This post over at Uncommon Descent pretty much confirmed my view of the so-called 'Enlightenment': the 'Enlightenment' simply replaced one set of superstitions (Dark Age beliefs) for another set of equally superstitious beliefs. From the post:
The reality is that the New Atheist campaign, by discouraging religion, won’t create a new group of intelligent, skeptical, enlightened beings. Far from it: It might actually encourage new levels of mass superstition. And that’s not a conclusion to take on faith — it’s what the empirical data tell us.
“What Americans Really Believe,” a comprehensive new study released by Baylor University yesterday, shows that traditional Christian religion greatly decreases belief in everything from the efficacy of palm readers to the usefulness of astrology. It also shows that the irreligious and the members of more liberal Protestant denominations, far from being resistant to superstition, tend to be much more likely to believe in the paranormal and in pseudoscience than evangelical Christians.
During the Renaissance, men who rejected the authority of Rome went one of two ways. They either reformed their beliefs by conforming to Scripture and got rid of many of the superstitions of the Middle Ages, or they rejected propositional revelation altogether and were left to figure out the nature of reality (a universal) starting with only their own 'reason' and experiences (particulars). Seeing that one cannot validly reason from a particular to a universal and having cut themselves off from the only Source that could possibly give them answers to the nature of reality since He alone possesses complete knowledge of it, they were left with nothing but fear of the unknown.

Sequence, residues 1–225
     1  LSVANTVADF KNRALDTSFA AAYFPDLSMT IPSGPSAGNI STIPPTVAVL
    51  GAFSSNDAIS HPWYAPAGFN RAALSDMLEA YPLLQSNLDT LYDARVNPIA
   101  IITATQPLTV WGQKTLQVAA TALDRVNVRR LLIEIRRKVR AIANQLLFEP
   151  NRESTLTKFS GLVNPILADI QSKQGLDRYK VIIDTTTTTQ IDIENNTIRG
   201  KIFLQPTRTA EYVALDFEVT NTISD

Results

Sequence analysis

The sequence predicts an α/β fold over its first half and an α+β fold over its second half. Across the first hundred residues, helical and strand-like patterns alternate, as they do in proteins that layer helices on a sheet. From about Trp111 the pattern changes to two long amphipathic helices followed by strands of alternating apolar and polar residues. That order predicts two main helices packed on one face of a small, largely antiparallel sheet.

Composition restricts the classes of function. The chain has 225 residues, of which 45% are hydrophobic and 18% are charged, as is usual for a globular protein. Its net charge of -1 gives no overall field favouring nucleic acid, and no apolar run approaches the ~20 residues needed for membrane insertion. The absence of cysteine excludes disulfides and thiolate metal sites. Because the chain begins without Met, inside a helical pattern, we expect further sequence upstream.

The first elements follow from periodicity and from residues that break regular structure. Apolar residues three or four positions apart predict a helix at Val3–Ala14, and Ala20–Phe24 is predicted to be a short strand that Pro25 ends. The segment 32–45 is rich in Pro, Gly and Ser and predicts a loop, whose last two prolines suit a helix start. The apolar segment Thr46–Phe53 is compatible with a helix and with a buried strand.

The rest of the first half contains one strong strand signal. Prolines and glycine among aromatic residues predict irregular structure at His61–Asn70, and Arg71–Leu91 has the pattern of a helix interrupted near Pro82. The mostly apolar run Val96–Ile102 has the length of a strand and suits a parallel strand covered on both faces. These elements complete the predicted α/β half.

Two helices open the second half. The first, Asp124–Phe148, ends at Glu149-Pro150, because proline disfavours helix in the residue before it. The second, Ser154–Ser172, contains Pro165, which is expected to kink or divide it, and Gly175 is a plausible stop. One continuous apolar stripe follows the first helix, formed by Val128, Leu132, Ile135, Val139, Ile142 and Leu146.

Thus, instead of believing in elves and fairies, they now believe in UFOs and little green men.
Instead of believing in spontaneous generation of flies from trash, they simply add billions of years with the same belief and declare it to be 'scientific'.
Instead of believing in astrology, they now believe in multiple-universes.
Instead of believing that a frog can turn into a prince, they simply add a few million years and call it "our hominid ancestry."
Thursday, September 25, 2008
Thursday, September 18, 2008
Jason Engwer deals with the argument that if the Protestant uses the church fathers to determine the New Testament canon, then he ought to accept the fathers' belief in the infallibility of the church, here. [Of course, both parts of the above statement are disputed.]